Just do it
Overcoming that fear and procrastination can reap big rewards. Lynn Ostrem’s experience is a case in point. “I woke up one day and I was 35 years old and I didn’t have any retirement,” Ostrem recalled. “I went to an adult education class and sitting next to me was a little old lady clutching the Beardstown Ladies’ [an all-women investment club once famed for their investment acumen] first book.” The older woman’s enthusiasm inspired Ostrem to form her own group. In 2001, she founded the northwest suburban Crow River Investment Club; today, Ostrem works with other clubs nationwide.
Karin Housley’s moment of truth arrived with her fourth baby. “I just went, ‘Oh dear! Are we going to be able send all four of these kids to college?'” the Stillwater resident remembered. She bought investment books but decided that doing was better than reading. “If I started an investment club with my friends and actually invested in something, I could understand some of the terminology,” Housley explained. The result was Chicks Laying Nest Eggs, an Internet-based, all-women investment club she formed with family and friends nearly 10 years ago. In May, Housley and other Chicks appeared on “The View” while the club’s eponymous book has sold out and is currently being rewritten.
|Want to learn more? Consider these books and websites:|
Confident Investing: A Wealth-Building Guide for Women by Deborah Owens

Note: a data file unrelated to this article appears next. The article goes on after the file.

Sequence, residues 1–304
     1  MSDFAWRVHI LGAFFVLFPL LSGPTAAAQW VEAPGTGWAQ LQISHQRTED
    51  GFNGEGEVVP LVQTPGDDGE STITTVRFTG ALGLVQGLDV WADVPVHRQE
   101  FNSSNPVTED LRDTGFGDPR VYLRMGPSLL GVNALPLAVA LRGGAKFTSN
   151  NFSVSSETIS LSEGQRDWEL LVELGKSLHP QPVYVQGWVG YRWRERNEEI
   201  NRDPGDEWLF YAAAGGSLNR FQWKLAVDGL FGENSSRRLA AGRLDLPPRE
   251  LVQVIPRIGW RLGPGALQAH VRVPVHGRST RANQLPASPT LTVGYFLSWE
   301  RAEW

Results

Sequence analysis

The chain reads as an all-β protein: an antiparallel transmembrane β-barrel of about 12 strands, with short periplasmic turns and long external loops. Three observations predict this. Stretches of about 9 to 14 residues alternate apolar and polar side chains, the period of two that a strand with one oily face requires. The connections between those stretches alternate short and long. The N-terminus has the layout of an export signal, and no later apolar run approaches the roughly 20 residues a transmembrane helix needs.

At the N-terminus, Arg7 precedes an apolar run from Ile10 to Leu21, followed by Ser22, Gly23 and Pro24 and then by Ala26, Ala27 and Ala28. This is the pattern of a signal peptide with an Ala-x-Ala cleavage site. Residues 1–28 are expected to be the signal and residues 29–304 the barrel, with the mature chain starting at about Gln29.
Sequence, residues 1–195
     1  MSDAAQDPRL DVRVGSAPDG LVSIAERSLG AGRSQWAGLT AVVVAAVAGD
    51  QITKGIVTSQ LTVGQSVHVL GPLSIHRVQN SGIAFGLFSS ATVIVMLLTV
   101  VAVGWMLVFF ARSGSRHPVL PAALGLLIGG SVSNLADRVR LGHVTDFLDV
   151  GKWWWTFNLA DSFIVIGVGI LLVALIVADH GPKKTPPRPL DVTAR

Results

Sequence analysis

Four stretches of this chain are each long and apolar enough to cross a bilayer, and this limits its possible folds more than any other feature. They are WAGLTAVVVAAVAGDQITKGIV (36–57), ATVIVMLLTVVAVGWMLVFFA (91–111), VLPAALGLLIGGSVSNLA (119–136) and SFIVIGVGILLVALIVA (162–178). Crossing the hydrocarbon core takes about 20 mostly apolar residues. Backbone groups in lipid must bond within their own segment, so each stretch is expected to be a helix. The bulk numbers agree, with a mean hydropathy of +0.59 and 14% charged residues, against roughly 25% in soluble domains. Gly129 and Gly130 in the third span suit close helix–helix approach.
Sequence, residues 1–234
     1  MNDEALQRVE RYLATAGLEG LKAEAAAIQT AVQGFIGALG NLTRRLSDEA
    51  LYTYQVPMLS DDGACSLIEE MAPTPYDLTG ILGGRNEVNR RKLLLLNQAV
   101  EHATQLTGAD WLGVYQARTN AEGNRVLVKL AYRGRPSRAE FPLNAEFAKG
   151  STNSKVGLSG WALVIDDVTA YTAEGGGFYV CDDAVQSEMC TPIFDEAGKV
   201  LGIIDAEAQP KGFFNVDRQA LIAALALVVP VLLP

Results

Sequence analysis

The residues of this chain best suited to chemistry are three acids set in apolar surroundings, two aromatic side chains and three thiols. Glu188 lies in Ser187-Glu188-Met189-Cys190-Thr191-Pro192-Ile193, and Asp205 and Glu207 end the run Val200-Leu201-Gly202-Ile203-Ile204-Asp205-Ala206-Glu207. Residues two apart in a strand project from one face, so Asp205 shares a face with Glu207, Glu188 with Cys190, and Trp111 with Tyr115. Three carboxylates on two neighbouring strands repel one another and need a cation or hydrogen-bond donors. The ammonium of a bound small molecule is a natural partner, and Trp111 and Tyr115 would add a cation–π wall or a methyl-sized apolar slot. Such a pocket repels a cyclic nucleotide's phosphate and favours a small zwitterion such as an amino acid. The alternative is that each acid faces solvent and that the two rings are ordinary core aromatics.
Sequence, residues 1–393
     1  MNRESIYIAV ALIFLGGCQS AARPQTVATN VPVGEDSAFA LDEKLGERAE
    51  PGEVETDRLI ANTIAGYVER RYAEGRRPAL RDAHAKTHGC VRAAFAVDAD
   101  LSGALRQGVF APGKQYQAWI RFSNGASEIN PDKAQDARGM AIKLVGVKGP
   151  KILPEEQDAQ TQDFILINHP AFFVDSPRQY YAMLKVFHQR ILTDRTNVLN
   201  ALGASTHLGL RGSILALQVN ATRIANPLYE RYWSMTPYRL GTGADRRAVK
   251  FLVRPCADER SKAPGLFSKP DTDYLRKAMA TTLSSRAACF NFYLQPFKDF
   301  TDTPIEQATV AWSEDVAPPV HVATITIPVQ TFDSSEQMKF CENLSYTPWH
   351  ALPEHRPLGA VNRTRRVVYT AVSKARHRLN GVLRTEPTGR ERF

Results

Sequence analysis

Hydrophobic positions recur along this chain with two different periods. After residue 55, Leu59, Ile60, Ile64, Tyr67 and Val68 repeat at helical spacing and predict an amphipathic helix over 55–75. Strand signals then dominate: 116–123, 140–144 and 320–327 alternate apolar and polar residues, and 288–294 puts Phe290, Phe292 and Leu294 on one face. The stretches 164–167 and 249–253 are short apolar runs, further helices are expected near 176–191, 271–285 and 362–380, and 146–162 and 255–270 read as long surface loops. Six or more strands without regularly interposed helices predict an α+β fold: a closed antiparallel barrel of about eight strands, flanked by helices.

Rich Woman: A Book on Investing for Women – Because I Hate Being Told What to Do! by Kim Kiyosaki
Money Smart Women by Janet Bodnar
investment club software
Stock Central fee-based, online community for investors and clubs
Women’s Institute for Financial Education
Financial Planning Association of Minnesota
National Association of Investors Corporation, the nation’s largest nonprofit investment education organization. Fee-based.
Conservative isn’t all bad
Although Ostrem and Housley are examples of successful female investors, a 2007 study funded by FINRA (Financial Industry Regulatory Authority) found that women are less likely to describe themselves as confident and knowledgeable about investing and are consequently more risk-averse. More women than men choose conservative investment vehicles like certificates of deposit (CDs), government savings bonds, and mutual funds. But sometimes less confidence is not all bad. A 2001 study, “Boys Will Be Boys: Gender, Overconfidence and Common Stock Investment” by University of Calif.-Berkeley Professor Terrance Odean, found that men’s overconfidence in their stock-picking abilities led them to trade their portfolios more often, resulting in lower overall returns compared to women’s performances. Ironically, the very traits that discourage some women from investing may actually result in better investments.
“Women tend to be more security-minded,” Danes noted, so their decisions are often based on making money to take care of others instead of getting rich. Risk-averse women will also choose their investments more carefully to minimize losses. “Because women are more detail-oriented, they tend to do more due diligence than the guys,” said Ostrem, whose investment club is co-ed.
That more conservative, less risk-tolerant view toward investments is a winning strategy-with a caveat: Women need to be willing to invest in their own futures. Sometimes that means letting go of ingrained attitudes about money and learning a new set of skills. The reward is a more secure future, and Housley points out an unexpected benefit. Investing, she said, “is so dang fun!”